3 Factors To Consider When Buying Headphones



Sennheisser, Sony or Beats by Dre? Headphones are available from a number of brands. Some are specifically designed for listening at home, others are meant to keep you listening when you're on the move. Each set offers a variety of different features; mobile phone functionality, wireless connectivity, noise cancellation and in-line remote controls. But when you're setting out to buy a brand new pair of headphones--it's good to keep your eye on the basics. Headphones should sound great, be comfortable to wear and provide years of listening pleasure.


Some headphones will feel comfy enough when worn briefly, but after a while they'll start to become uncbearable. If you can, try wearing the headphones for about 20 minutes before buying. Generally speaking, the larger the ear cup the more comfort you'll get for your cash when you're choosing circumaural, closed back 'phones. Headphones that rest on the ear should obviously be smaller, lighter and come with some kind of soft padding for extra comfort.


Another long-term factor is weight. Rule of thumb states the lighter the headphones, the more comfortable. And for those marathon listening sessions you really can't get any better than the super-lightweight portable models with soft foam padding.


The headband is also a factor to considering before you buy. Most headphones come with either an over-the-head type of headband or are designed to be worn behind the neck. Whichever type of headband you choose, always make sure it can be adjusted to suit the shape of your head.



Not normally an issue. If you want to wear headphones while carrying out some form of physical activity there are enough purpose-designed portable and lightweight models to choose from. If you're sat on the couch however, you'll want to take a look at the heavier closed-back circumaurals before you make your final choice. The availability of compact interfaces and laptops etc. has increased the popularity of on-location recording and the application calls for the bulkier, closed-back type of headphones. Folding designs are ideal for more portable functionality and have the added advantage of being easier to protect during transportation. The purchase of some kind of protective case to keep your headphones in when traveling is always a good idea.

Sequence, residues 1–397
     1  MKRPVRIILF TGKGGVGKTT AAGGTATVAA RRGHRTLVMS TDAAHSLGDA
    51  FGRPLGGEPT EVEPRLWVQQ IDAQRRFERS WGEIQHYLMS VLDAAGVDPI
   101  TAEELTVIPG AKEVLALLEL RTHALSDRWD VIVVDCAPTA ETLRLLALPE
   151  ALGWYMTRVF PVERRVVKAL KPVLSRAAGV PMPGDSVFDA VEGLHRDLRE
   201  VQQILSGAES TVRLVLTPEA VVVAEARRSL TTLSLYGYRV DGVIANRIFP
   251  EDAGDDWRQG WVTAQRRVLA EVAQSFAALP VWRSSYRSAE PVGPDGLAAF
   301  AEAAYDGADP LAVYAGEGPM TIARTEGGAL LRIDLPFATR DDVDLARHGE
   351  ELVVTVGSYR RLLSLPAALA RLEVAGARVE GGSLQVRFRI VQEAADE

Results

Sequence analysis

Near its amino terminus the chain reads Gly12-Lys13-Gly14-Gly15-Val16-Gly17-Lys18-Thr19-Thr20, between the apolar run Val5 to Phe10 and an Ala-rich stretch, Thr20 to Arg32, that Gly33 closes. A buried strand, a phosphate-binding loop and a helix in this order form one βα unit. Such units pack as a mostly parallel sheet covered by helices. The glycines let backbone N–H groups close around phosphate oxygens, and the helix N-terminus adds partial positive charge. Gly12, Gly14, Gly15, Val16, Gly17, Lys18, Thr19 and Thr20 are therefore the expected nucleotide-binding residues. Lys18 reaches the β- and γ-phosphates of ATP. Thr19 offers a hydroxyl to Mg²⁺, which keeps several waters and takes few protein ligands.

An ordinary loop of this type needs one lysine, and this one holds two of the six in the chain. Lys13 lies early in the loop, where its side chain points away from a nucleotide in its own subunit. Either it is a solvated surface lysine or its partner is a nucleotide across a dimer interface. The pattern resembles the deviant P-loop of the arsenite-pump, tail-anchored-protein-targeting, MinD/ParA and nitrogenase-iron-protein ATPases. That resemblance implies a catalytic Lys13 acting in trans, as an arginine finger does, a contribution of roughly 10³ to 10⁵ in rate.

If you're paying good money for a new set of headphones then you'll at least expect them to last. The downside is that if you're looking for durability then you'll probably have to carry the extra weight too. We all know how easily lightweight headphones can snap or bend when sat or stepped on. Again, buying a protective case to store your 'phones when not in use will help them survive a lot longer. If you're tempted the folding headphones make sure to check the hinges are well made. Cables also need to be considered. Are they thin and delicate or thick and sturdy? Asking if spare parts are available for the headphone before you part with your cash is a good way to save money in the long run.


When it comes to choosing headphones it's like everything else in life--you get what you pay for. And whereas some specs are helpful, information like frequency response can be confusing. The only way to be sure is to put the 'phones on and listen for as long as you can before you give the cashier the nod.



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